Growth this year is forecast to rise to 1.7% for the EU as a whole and to 1.3% for the euro area. In 2016, economic activity should grow by 2.1% and 1.9% respectively.
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For the first time since the financial crisis in 2008-09, the economies of all European Union Member States are expected to grow again this year, according to the European Commission's winter forecast. Over the course of this year, economic activity is expected to pick up moderately in the EU and in the euro area, before accelerating further in 2016. Growth this year is forecast to rise to 1.7% for the EU as a whole and to 1.3% for the euro area. In 2016, annual growth should reach 2.1% and 1.9% respectively, on the back of strengthened domestic and foreign demand, very accommodative monetary policy and a broadly neutral fiscal stance.
An acceleration of economic activity to 2.0% and 1.7% respectively in 2016 is expected to be driven by the strengthening of the financial sector (following the comprehensive assessment by the European Central Bank and further progress towards the Banking Union), as well as recent structural reforms starting to bear fruit.
Growth prospects across Europe are still limited by a weak investment environment and high unemployment. However, since the autumn, a number of key developments have brightened the near-term outlook. Oil prices have declined faster than before, the euro has depreciated noticeably, the ECB has announced quantitative easing, and the European Commission has presented its Investment Plan. All these factors are set to have a positive, though moderate, impact on growth.
While all Member States are expected to have positive growth rates this year and the recovery has continued to broaden in recent quarters, the divergence in economic performance across the EU is likely to continue. That is because the progress with reform implementation and deleveraging among banks, the public and private sectors still differs across Member States. The positive effect of low oil prices on growth will also vary according to each country's dependence on oil. The ECB's quantitative easing might have a stronger positive impact in countries where financing conditions are tight. The support to exports from the euro’s depreciation will depend on national trade orientation and patterns of specialisation. All in all, in 2015, the range of Member States' growth rates is expected to remain broad, from 0.2% (Croatia) to 3.5% (Ireland).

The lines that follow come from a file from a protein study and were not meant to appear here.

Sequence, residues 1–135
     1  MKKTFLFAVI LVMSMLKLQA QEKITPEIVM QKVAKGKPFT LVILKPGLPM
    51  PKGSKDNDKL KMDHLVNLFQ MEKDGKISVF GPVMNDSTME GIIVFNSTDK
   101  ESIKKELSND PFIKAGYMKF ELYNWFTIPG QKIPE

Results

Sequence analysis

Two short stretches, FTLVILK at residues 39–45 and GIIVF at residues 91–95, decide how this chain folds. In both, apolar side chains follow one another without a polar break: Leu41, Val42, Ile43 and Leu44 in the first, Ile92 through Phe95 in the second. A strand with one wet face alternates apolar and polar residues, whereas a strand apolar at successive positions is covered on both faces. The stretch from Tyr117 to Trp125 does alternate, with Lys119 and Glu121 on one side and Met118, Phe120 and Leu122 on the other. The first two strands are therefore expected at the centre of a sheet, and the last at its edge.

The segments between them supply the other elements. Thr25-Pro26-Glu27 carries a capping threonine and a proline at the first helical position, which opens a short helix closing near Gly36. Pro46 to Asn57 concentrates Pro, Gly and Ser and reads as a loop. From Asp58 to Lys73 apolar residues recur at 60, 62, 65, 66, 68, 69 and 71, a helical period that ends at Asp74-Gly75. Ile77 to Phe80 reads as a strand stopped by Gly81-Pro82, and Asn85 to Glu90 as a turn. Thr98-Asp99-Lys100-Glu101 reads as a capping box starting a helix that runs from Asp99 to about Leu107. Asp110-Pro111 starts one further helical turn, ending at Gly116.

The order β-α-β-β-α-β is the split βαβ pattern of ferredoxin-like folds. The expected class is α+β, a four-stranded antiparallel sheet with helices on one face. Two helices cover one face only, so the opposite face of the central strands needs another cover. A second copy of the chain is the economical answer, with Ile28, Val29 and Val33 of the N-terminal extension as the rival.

The trend towards low inflation has continued. In most Member States, inflation temporarily turned negative in December, on the back of the steep fall in oil prices. Inflation is set to remain subdued in 2015 as low commodity prices dampen the headline figure. Inflation should increase as of mid-2015 and in the course of 2016, as economic activity gradually strengthens, wages rise and the economic slack is reduced. In the EU, inflation is projected at 0.2% in 2015 and 1.4% in 2016. Inflation in the euro area is forecast to be -0.1% this year before rising to 1.3% in 2016.
As economic growth gains momentum, so will net job creation, which has accelerated over the course of last year from a low level. Labour markets should improve towards the end of the forecast period. But economic growth is expected to be insufficient for a marked improvement. The unemployment rate is set to fall to 9.8% in the EU and 11.2% in the euro area in 2015. The labour market reforms undertaken in recent years are expected to continue bearing fruit and help unemployment rates decrease further in 2016.
The reduction in general government deficits continues, but the fiscal stance is now neutral. The deficit–to-GDP ratios are forecast to keep falling over the next two years. In the EU, they are expected to fall to 2.6% this year from 3.0% in 2014 and to 2.2% in 2016. In the euro area, they should drop to 2.2% in 2015 and 1.9% in 2016. For the EU as a whole, the debt-to-GDP ratio is expected to have peaked at 88.4% in 2014. For the euro area, it should peak this year at 94.4%, before declining.
Overall, the uncertainty surrounding the existing economic outlook has increased. Downside risks have intensified, while new upside risks have emerged. This is due to geopolitical tensions, possible financial market volatility in a context of expected higher US interest rates, and incomplete implementation of structural reforms. A protracted period of very low or negative inflation would also be detrimental to the growth outlook. Upside risks include a stronger-than-expected boost to global and EU growth stemming from low oil prices.